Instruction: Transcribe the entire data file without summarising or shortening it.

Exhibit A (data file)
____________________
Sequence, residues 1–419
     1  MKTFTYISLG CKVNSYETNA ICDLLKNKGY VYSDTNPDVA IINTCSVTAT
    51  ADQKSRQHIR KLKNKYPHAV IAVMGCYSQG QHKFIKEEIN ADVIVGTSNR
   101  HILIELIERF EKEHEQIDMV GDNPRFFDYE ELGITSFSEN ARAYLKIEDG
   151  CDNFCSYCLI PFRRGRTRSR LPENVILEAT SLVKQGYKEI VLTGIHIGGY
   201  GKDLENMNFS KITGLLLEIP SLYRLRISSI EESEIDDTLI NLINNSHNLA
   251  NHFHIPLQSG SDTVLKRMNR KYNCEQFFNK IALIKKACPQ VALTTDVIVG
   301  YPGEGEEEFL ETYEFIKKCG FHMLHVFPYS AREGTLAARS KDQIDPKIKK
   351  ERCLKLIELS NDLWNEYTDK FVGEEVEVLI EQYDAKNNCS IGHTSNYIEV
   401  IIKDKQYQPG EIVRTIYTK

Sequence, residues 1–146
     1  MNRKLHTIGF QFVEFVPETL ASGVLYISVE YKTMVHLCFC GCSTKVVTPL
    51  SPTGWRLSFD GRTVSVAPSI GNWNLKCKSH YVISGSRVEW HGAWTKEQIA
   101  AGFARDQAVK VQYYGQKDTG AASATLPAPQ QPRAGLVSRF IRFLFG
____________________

Sequence, residues 1–419
     1  MKTFTYISLG CKVNSYETNA ICDLLKNKGY VYSDTNPDVA IINTCSVTAT
    51  ADQKSRQHIR KLKNKYPHAV IAVMGCYSQG QHKFIKEEIN ADVIVGTSNR
   101  HILIELIERF EKEHEQIDMV GDNPRFFDYE ELGITSFSEN ARAYLKIEDG
   151  CDNFCSYCLI PFRRGRTRSR LPENVILEAT SLVKQGYKEI VLTGIHIGGY
   201  GKDLENMNFS KITGLLLEIP SLYRLRISSI EESEIDDTLI NLINNSHNLA
   251  NHFHIPLQSG SDTVLKRMNR KYNCEQFFNK IALIKKACPQ VALTTDVIVG
   301  YPGEGEEEFL ETYEFIKKCG FHMLHVFPYS AREGTLAARS KDQIDPKIKK
   351  ERCLKLIELS NDLWNEYTDK FVGEEVEVLI EQYDAKNNCS IGHTSNYIEV
   401  IIKDKQYQPG EIVRTIYTK

Sequence, residues 1–146
     1  MNRKLHTIGF QFVEFVPETL ASGVLYISVE YKTMVHLCFC GCSTKVVTPL
    51  SPTGWRLSFD GRTVSVAPSI GNWNLKCKSH YVISGSRVEW HGAWTKEQIA
   101  AGFARDQAVK VQYYGQKDTG AASATLPAPQ QPRAGLVSRF IRFLFG